Germany prioritizes economic stability, and its yellow metal accounts defend against financial uncertainties like currency volatility. The country's central bank, the Bundesbank, had held charge of Germany’s gold since 1951 when the government started accumulating gold. Gold in the country's foreign reserves helps maintain the euro’s value. It assists in managing exchange rates. It’s worth mentioning that Germany has had a relatively minor dip in the amount of gold in its reserves between 2000 and 2022.
Germany stores its gold in primarily three places: Frankfurt am Main’s Deutsche Bundesbank, the New York branch of the U.S. Federal Reserve Bank, and London’s Bank of England. The Bank of England is the global gold trading center. On the other hand, the New York Federal Reserve Bank branch houses the biggest pile of gold globally.
It’s worth mentioning that Germany’s central bank fairly recently repatriated a significant chunk of its gold stored in the N.Y. Federal Reserve Bank and Paris’ Banque de France to Bundesbank’s Frankfurt headquarters in 2013. The shift in location was believed to help rescue the troubled finances of other European countries and back the Deutsche Mark if the eurozone collapsed.
Germany did not initially move the gold from its soil to New York. It acquired the gold from the U.S. due to trade surpluses with America before the 1970s. The gold was not shifted to Germany then, fearing a Soviet Union invasion. Frankfurt was only around 100 kilometers (approx. 62 miles) away from the Soviet-controlled East Germany border.
Decades later, the repatriation process began after the looming threat had long gone. In 2013, only five tons were moved due to logistical concerns. In 2014, 120 tons of gold were repatriated from New York (85 tons) and Paris (35 tons). An additional 210 tons of gold were repatriated in 2015 from Paris (110.5 tons) and New York (99.5 tons). In 2016, a total of 200 tons of gold were shifted.
3. Italy (2,451 tons)
Italy has the third-highest gold allocation. The nation’s desire or penchant to stockpile gold has economic, cultural, and artistic reasons. Moreover, Italy’s positioning as a leading trading and economic force in the Mediterranean zone played a part in its gathering of gold over the centuries. Itay’s history of high inflation periods and other economic uncertainties has stressed the need for stable gold reserves.
Banca d’Italia, Italy’s central bank, manages the nation’s gold holdings, focusing on monetary policy and financial stability. In 1893, when the foundation stone for the bank was laid, Italy started to build on its gold resources. Most of Italy’s existing gold holdings are from the accumulation after the Second World War.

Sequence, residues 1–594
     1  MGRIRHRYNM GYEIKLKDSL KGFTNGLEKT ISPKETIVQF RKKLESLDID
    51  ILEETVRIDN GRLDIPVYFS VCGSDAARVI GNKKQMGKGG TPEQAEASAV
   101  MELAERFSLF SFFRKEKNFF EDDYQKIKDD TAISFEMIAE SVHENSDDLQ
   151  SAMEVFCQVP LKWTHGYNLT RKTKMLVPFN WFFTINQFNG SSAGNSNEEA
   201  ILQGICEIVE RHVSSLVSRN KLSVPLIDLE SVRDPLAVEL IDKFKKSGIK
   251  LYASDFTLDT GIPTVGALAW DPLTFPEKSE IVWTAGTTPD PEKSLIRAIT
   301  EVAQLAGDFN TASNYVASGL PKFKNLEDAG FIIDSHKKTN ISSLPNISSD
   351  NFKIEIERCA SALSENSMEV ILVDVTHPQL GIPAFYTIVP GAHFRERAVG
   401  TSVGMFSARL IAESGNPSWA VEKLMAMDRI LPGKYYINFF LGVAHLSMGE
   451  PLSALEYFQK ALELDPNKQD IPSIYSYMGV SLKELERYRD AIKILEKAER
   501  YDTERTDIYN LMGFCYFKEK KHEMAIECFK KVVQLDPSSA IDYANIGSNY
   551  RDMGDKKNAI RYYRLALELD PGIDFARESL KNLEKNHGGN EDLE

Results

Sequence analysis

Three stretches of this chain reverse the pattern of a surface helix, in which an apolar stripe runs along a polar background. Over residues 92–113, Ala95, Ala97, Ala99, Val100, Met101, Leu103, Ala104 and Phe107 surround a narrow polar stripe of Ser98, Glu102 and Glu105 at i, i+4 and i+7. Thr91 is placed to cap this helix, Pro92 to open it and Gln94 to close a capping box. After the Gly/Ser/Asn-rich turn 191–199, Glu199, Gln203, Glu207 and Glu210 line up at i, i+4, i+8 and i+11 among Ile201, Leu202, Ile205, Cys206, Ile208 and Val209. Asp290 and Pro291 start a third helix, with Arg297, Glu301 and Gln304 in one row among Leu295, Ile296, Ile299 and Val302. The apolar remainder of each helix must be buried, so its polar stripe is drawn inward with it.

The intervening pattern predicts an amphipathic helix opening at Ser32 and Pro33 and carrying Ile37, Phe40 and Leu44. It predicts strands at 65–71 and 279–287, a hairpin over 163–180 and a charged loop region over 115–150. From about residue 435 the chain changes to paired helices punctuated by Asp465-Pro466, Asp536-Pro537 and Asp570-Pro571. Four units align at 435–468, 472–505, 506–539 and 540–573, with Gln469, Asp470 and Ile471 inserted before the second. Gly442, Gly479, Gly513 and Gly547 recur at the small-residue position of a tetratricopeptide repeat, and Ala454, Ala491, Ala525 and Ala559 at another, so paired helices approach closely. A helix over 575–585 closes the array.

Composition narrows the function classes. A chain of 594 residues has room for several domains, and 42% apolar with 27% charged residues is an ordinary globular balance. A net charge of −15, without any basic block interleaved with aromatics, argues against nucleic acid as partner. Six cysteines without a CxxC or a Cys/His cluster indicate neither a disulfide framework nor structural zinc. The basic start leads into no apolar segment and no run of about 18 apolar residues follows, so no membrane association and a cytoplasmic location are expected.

From the 1950s to the 1960s, Italy experienced robust industrial and economic growth. The central bank’s administrators then employed a savings policy that invested in gold since it was viewed as a safe asset. Italy’s lira was a relatively weak currency (part a deliberate ploy and part natural). The bank’s authorities, therefore, considered it wiser to build a reserve of gold as a value guarantee.
4. France (2,437 tons)
Three of the top four countries with the most gold holdings are European. And that’s not incidental. Europe has a history of prioritizing precious metals as a “value store,” thanks to the continent’s turbulent ancient past. France is fourth on the list, despite not having a single gold mine on its soil. France has always been a global power. And thanks to its colonial endeavors, particularly in gold resources-rich regions, the country has accumulated significant gold over periods.
The Montagne d’Or mine (Mountain of Gold) is France’s biggest gold mining project in French Guiana. Mali, an erstwhile colony of France, has more than 850 gold mines. France moved gold from these places and engaged in trading, allowing the yellow metal to flow effortlessly from the colonies to its soil. Also, France’s economic policies over the years have favored the accumulation of gold. Sound trade policies, fiscal management, efforts to sustain its currency value, etc., gradually increased its gold trade and reserves.
Paris, France’s capital, has always been a major global financial hub. Facilitating and engaging with the worldwide investing, trading, and economic communities let France draw and handle gold assets from across the globe. Not to mention, the French franc was once a reserve currency for the world. France, therefore, held and managed significant gold holdings to maintain the currency’s status and support economic stability.
5. Russia (2,299 tons)
Russia has the fifth largest reserves of gold in the world. In 2017 and before, China was number 5. It overtook China in 2018 in the gold holdings by country list. Russia wanted to spread its American investments, and buying gold was one way. The Russian central bank bought bullion primarily by selling U.S. Treasury bonds.
Russian inclination toward gold holdings goes back to the country’s imperial periods when it accumulated a significant chunk of gold. Geopolitical shifts and economic reforms had a bearing on the gold reserves. In recent times, particularly after the multiple sanctions imposed by the West, Russia’s drive to stock gold is at its highest, accommodating the country’s more significant geopolitical and economic strategies.
According to Russian media, the country has the fourth biggest gold holdings in the world. But let's not read into the report much since Russian media is infamous for bias and being unabashedly pro-Russia. We’ll update our list when more reliable and mainstream media outlets pick up and ratify the story.
6. China (1,948 tons)
China is the world’s second-biggest economy. Consequently, interest in details about the Asian giant’s gold holdings is high. Surprisingly, the country is sixth on the list, despite having a much bigger landmass and more than 125 goldmines. The five biggest gold mines are in China. Not to mention, China is also one of the leading gold producers in the world.